Now nineteen, he had a job in a Texaco gas station on Wilmington Avenue and 43rd Street. Monday through Wednesday, he pumped gas and checked oil, but on Thursday and Friday he was the on-duty mechanic. Mostly, he changed oil and fixed flat tires, but there were real mechanic's jobs, too. He had a knack for it, and had even managed to resuscitate an eight-year-old Model T the station owner sold him for $25.00. His weekly wages were $32.50, and they were pretty good for a time when the house rent was $30.00 a month. On Saturday, the boss let Booker use the service bay and the tools to work on the Model T. This was a Saturday in September, and the desert heat, which was usually dry, was uncommonly humid. Booker had sweat stinging his eyes. The motionless air weighed him down. None of that bothered him at the moment; he was enthralled by the immense, gleaming engine of the 12-cylinder Packard that had been tuned up.

A shadow fell over him. He looked around. Ned Wilson was in the doorway. A tow-headed young man two years older than Booker; Ned was the weekend manager.

"I don't feel good, Booker."

"What's wrong?"

"Maybe something I ate, maybe the heat. I dunno. I just threw up out there ... Don't worry, I hosed it down before it started stinking."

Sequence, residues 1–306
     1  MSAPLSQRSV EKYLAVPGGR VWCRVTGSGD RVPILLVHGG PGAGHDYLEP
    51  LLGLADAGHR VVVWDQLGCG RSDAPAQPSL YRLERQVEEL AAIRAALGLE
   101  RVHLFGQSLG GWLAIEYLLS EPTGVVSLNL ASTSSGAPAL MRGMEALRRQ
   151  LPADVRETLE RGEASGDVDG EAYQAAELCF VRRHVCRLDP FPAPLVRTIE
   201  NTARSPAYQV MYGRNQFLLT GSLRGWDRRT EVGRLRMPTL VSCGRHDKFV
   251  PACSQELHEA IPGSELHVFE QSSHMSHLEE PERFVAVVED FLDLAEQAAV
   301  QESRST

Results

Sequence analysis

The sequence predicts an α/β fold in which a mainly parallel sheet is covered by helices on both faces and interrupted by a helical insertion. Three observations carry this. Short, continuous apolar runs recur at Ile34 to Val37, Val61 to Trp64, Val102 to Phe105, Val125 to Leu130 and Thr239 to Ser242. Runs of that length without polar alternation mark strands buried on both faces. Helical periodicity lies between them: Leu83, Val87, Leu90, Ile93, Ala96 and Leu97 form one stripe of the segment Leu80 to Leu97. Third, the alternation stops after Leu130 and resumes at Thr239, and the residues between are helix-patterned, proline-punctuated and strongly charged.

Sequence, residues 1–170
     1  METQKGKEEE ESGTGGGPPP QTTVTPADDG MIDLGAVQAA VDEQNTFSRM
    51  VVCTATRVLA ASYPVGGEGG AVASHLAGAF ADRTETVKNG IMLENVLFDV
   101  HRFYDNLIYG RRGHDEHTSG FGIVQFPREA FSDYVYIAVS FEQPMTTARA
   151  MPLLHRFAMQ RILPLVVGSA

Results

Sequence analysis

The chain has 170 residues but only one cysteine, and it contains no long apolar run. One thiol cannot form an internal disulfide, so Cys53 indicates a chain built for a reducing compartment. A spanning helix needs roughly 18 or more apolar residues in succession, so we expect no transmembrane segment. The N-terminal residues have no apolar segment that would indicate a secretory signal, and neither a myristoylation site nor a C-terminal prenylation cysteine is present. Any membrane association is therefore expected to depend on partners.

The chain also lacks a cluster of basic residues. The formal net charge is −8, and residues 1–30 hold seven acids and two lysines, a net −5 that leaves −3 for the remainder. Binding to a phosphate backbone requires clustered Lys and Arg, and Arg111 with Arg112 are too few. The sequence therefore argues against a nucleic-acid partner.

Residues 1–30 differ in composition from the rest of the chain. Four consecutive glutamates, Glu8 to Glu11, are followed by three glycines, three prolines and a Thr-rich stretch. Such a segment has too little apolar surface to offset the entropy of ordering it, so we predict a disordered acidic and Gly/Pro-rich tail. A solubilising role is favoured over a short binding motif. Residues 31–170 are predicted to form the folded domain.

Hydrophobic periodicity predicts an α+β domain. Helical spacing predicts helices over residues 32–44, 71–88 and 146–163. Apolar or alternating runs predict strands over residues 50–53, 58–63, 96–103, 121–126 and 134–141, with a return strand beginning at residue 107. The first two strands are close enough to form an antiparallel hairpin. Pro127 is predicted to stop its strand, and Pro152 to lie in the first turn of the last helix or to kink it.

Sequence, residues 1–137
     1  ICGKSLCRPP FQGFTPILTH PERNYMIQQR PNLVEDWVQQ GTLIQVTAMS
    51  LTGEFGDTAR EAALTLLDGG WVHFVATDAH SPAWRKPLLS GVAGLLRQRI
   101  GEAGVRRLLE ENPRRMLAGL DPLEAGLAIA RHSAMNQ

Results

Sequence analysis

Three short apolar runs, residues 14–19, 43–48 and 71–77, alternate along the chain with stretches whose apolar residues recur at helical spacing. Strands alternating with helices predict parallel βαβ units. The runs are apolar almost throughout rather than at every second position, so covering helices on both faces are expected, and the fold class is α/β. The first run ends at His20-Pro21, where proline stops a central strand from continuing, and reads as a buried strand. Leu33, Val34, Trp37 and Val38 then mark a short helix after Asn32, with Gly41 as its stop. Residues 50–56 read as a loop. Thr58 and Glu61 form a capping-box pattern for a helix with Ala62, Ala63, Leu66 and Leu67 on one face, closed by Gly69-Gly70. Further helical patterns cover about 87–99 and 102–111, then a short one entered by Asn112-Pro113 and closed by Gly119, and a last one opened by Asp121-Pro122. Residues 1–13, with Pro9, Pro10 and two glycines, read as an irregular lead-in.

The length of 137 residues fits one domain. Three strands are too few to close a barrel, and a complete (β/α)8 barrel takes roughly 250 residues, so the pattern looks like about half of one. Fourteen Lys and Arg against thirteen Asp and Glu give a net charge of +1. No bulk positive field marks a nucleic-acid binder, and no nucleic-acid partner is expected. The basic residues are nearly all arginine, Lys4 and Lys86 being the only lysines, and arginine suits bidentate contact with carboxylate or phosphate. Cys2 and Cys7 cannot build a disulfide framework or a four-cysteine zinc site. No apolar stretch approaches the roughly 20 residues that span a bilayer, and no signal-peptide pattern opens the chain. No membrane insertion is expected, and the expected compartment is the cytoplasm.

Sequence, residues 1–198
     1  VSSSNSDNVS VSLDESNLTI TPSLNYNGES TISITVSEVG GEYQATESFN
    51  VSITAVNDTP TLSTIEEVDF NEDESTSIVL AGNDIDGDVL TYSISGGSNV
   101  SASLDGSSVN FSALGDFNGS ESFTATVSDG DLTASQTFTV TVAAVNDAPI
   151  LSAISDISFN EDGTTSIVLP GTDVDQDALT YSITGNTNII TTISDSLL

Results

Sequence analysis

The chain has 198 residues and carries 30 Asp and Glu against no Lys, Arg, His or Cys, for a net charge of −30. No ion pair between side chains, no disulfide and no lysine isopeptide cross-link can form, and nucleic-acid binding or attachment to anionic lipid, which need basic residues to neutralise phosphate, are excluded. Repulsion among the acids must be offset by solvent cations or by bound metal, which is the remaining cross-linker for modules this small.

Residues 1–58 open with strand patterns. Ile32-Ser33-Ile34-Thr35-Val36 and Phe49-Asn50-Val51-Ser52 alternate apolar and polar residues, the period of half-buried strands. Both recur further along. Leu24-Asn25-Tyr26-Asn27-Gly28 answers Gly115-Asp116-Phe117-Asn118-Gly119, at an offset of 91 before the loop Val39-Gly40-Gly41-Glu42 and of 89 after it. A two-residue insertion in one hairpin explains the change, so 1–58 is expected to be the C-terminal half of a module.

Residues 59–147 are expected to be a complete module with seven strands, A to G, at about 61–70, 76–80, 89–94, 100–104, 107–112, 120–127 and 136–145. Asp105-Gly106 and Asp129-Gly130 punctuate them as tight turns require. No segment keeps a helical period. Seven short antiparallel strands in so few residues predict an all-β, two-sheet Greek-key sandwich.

Booker said nothing; he had nothing to say and it was his nature to say very little anyway.

"I really wish you could do me a favor and cover for me? Stay here and close up. It's only three hours. I'll give you ten dollars."

Ten dollars! God knew he could use an extra ten dollars. "I wish I could," he said, "but I got a date. Belle don't have no phone."

Ned Wilson smiled, showing discolored teeth, the product of his family's poverty. "I thought of that already. I called Phil. He said you can close an hour early tonight."

Booker felt manipulated. Phil was the owner. Calling him before asking took a lot for granted. Yet ten dollars was ten dollars. He could take Belle to the Club Alabam. It was the hottest club on Central Avenue. "Yeah, man, I'll be glad to work for you."